Over the past 75 years, just about every Navy warship has spent some time, in miniature form, in this pool in Bethesda.
That would be the David Taylor Model Basin, built so that naval engineers could perfect their designs in the nautical equivalent of a wind tunnel. Testing of miniature models is a surprisingly important element in shipbuilding, and defense contractors have tested every Navy ship in this half-mile long tunnel prior to construction.
The David Taylor Model Basin is one of the largest of these testing facilities in the world. Intricately controlled waves are generated at one end by a pneumatic wavemaker, and absorbed on the other by a damper. The wavemaker can precisely simulate a range of weather conditions to assess performance on the open seas or in a hurricane force storm. A sliding platform that bridges the oblong pool moves with the models and gathers data using high speed cameras and sensors.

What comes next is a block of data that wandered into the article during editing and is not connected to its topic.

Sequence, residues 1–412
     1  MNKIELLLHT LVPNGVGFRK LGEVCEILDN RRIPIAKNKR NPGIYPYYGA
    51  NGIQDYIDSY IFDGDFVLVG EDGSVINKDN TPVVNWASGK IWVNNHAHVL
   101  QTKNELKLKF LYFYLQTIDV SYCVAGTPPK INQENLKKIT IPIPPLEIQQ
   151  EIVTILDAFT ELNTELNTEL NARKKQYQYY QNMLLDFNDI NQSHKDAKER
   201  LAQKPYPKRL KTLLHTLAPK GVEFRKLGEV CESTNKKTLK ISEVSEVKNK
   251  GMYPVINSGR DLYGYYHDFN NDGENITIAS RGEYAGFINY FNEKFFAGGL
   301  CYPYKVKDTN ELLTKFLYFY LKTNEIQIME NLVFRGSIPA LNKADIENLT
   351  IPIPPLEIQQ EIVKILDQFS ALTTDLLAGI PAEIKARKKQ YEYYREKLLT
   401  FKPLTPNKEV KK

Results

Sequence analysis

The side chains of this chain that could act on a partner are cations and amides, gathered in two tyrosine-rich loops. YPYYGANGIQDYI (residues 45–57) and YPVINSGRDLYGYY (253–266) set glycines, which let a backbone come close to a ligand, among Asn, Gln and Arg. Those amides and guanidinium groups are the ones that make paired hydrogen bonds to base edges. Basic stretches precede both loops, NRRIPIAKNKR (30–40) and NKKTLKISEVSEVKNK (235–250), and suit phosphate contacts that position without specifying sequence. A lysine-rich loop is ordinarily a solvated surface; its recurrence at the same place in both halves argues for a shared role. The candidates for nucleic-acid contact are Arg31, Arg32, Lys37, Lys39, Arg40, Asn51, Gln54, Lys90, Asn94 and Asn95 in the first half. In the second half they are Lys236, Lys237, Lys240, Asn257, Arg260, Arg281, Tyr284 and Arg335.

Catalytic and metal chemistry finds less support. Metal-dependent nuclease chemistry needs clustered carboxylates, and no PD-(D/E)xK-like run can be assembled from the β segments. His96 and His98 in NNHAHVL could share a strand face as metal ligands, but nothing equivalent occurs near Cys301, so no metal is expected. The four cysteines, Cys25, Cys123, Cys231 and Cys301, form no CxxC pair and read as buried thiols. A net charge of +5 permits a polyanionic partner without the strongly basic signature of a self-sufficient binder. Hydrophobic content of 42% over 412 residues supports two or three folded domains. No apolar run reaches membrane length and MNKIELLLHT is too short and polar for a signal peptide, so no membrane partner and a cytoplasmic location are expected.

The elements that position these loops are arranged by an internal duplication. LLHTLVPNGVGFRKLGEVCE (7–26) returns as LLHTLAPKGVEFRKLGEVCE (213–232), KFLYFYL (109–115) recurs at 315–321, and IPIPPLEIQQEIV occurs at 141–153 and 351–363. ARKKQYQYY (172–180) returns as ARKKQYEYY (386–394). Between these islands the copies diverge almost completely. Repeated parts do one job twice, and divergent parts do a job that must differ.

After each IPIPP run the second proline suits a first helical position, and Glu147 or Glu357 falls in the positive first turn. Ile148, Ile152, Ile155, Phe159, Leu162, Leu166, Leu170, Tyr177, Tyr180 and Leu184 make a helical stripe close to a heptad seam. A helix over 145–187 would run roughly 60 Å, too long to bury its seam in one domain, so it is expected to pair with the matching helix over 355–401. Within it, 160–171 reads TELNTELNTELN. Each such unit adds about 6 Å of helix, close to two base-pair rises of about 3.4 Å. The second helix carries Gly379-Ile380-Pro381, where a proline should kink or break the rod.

The engineering of this system is remarkable. According to the American Society of Mechanical Engineers: “To meet requirements for uniformity … the rails on the basin walls upon which these carriages will run had to be far straighter and more level than the most perfect railroad track. In fact, to eliminate the effect of gravity on the motion of the towing carriage, the tracks are not straight in the usual sense, but follow the curvature of the earth.” The foundation of the building was laid directly on bedrock to ensure that the rails stay perfectly aligned.
The models themselves are also worth marveling at. This is the domain of the Navy Ship Model Program, a niche office that includes a Curator of Models and three conservationists. They produce and conserve models of all types: from utilitarian hull prototypes to intricately detailed museum pieces that can weigh thousands of pounds.
These decorative models are on display across the country. The best collection in D.C. is at the National Museum of the US Navy, where you can find a ten-foot long model of the USS Missouri that was built over 77,000 man hours at the cost of millions of dollars.
An expanded version of this article originally appeared on DCist.com